Saturday, July 1, 2017


I’ve got garlic! The garden produced a modest heap of the flavor bulbs. I’m celebrating the harvest by cooking al ajillo. Ajillo is the diminutive of ajo, garlic, meaning “a little garlic,” you know, just a smidgin.

A heap of freshly harvested garlic. After it dries in the sun a few days, I trim the roots and stems and store the bulbs for use.

In Spanish, the diminutive, of course, means “small.” But it can also denote affection or a tongue-in-cheek opposite exaggeration. So, you say you’re using "just a little garlic," when actually it's lots and lots!

Today I’m making lamb chops sizzled with just a little (lots) garlic. (Other recipes al ajillo are linked below.)  I had these delectable chops in Las Pedroñeras, a La Mancha town that bills itself as the capital of garlic. There I learned that garlic over time gradually loses its punch. So when made with July’s newly picked garlic, the ration of cloves is minimal (one or two per lamb chop). But later in the year, when the flavor is milder, the number is increased (3 or 4 cloves per chop).

Lamb chops browned in olive oil with whole cloves of garlic are finished with lemon juice.

My fresh garlic keeps well for several months. Store garlic in a reasonably cool, well ventilated place away from direct light. Eventually, in the natural cycle of things, the garlic will begin to sprout. Then it's finished. Mine will be used up long before that.

In this recipe, the cloves of garlic are not peeled. They are lightly crushed, just to split the skins, and fried with the chops in sizzling oil. The skins protect the garlic flesh from scorching.

I like thick (1 inch) loin chops best. But, all I could get were small ones. These cook in an instant. Really. One minute per side, in a very hot skillet, just until browned. If you’re using thick chops, moderate the heat and cook them just until browned on both sides. That way they’ll stay a little pink and juicy on the inside. Serve the browned garlic with the chops. Peel the cloves or not. Let each person decide whether or not to eat them.

Serve whole garlic cloves with the chops.

Lamb chops and garlic are plated on a bed of quinoa with vegetables. Rice or cous cous or, Spanish style, fries, are good alternatives. Perhaps a La Mancha  tempranillo to accompany the dish.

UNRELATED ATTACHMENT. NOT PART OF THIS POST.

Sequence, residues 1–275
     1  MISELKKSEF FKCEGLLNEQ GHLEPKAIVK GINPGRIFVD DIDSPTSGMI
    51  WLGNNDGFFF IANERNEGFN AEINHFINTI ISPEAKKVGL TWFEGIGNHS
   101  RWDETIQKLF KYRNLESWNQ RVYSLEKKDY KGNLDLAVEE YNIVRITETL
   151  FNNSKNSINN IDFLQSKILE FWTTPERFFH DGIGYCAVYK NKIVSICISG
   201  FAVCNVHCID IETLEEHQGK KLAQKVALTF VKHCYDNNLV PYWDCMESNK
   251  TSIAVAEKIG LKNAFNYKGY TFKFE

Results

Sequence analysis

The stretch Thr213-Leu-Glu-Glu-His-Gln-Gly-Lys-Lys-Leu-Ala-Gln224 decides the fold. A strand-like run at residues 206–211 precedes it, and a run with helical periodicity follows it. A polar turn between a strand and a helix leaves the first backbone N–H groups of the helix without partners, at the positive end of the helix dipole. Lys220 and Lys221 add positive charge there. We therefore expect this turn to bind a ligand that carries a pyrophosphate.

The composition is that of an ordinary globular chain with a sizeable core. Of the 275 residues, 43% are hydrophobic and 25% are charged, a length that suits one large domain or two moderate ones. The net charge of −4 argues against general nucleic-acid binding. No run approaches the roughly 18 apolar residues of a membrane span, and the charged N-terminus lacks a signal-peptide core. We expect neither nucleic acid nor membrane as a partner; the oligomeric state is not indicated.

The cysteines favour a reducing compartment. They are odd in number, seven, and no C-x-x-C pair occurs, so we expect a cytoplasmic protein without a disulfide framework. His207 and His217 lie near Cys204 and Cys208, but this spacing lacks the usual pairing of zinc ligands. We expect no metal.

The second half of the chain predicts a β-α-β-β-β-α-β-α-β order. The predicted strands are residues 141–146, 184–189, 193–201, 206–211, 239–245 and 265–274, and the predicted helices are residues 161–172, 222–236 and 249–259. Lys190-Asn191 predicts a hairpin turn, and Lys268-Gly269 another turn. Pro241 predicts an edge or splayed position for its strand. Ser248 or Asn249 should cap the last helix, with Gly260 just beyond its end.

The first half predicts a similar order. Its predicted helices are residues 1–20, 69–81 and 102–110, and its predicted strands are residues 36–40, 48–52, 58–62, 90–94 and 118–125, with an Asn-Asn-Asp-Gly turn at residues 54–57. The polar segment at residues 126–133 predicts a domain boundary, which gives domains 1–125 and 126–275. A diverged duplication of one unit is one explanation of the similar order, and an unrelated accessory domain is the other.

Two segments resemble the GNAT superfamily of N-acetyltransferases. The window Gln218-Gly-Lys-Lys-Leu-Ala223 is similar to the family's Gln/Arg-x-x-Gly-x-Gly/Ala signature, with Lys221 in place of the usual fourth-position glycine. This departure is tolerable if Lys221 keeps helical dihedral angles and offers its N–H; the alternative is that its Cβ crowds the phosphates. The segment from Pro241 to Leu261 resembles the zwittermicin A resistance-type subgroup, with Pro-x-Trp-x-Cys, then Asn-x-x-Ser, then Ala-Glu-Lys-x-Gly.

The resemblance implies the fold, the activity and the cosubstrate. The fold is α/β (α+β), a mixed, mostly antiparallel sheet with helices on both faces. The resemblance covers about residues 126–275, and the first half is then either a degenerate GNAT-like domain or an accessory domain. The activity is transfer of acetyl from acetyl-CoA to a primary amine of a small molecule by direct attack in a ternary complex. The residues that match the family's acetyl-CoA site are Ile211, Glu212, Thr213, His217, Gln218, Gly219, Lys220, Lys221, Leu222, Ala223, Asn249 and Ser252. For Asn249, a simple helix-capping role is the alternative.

Lamb Chops Sizzled with Garlic
Chuletas de Cordero al Ajillo

Serves 4.

Ajo morado, purple garlic.
2 pounds lamb chops, (8 to 12 chops, depending on thickness)
Freshly ground black pepper
Pinch of thyme
10 to 12 cloves garlic
3 tablespoons olive oil
3 tablespoons water
3 tablespoons lemon juice
2 tablespoons chopped parsley

Sprinkle the chops with salt, pepper, and thyme. Using the side of a knife, crush the unpeeled cloves of garlic lightly, just to split the skins.

Crush garlic cloves lightly to split skins.

Heat the oil in a large skillet on medium heat. Add the lamb chops and garlic. Brown the chops on one side. Turn the chops and the cloves of garlic and brown reverse side.

Remove the chops to a serving platter. Add the water and lemon juice to the remaining oil and garlic. Heat until sizzling. Pour over the chops and sprinkle with parsley. Serve immediately.

Do you dare to eat the whole clove of garlic?

More recipes for using garlic:


  1. No recipe for garlic soup? On our first trip to Spain, driving (long before the highway) from Madrid to Granada, I remember stopping at a roadside place where Sopa de Ajo was on the menu. That's really when I fell in love with Spanish home cooking...

    1. David: How could I possibly have omitted the most obvious? I just added the link to garlic soup recipe and also to ajo blanco, the garlicky white gazpacho.

    2. Better! :-)

  2. Great to see you championing lots of garlic, Janet: love it. And the scad recipe you gave with 12 cloves is delicious, in my opinion. Thank you.

    1. JohnD: You're welcome! I'm a true garlic aficionada!